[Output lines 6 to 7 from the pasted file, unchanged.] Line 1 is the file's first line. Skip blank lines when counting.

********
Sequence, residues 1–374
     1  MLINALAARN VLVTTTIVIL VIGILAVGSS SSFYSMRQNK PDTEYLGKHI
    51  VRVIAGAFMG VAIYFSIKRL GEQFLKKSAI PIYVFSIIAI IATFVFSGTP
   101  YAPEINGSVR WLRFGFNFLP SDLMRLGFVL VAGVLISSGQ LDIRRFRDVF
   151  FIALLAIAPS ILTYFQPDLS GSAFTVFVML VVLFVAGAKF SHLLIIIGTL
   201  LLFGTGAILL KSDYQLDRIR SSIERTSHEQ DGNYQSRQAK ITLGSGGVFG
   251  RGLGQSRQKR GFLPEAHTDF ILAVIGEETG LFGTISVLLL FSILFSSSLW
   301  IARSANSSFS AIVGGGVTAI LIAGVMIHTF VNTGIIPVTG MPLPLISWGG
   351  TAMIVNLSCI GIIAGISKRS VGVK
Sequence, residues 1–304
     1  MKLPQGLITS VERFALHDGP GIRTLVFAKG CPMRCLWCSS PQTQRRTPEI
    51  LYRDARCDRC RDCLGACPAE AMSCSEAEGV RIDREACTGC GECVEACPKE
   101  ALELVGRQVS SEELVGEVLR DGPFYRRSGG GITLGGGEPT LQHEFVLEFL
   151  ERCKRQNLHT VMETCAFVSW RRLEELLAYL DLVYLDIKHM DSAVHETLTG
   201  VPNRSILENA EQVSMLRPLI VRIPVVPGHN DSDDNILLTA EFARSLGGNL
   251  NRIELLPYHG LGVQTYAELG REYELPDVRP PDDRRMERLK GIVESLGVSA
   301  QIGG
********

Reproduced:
   201  LLFGTGAILL KSDYQLDRIR SSIERTSHEQ DGNYQSRQAK ITLGSGGVFG
   251  RGLGQSRQKR GFLPEAHTDF ILAVIGEETG LFGTISVLLL FSILFSSSLW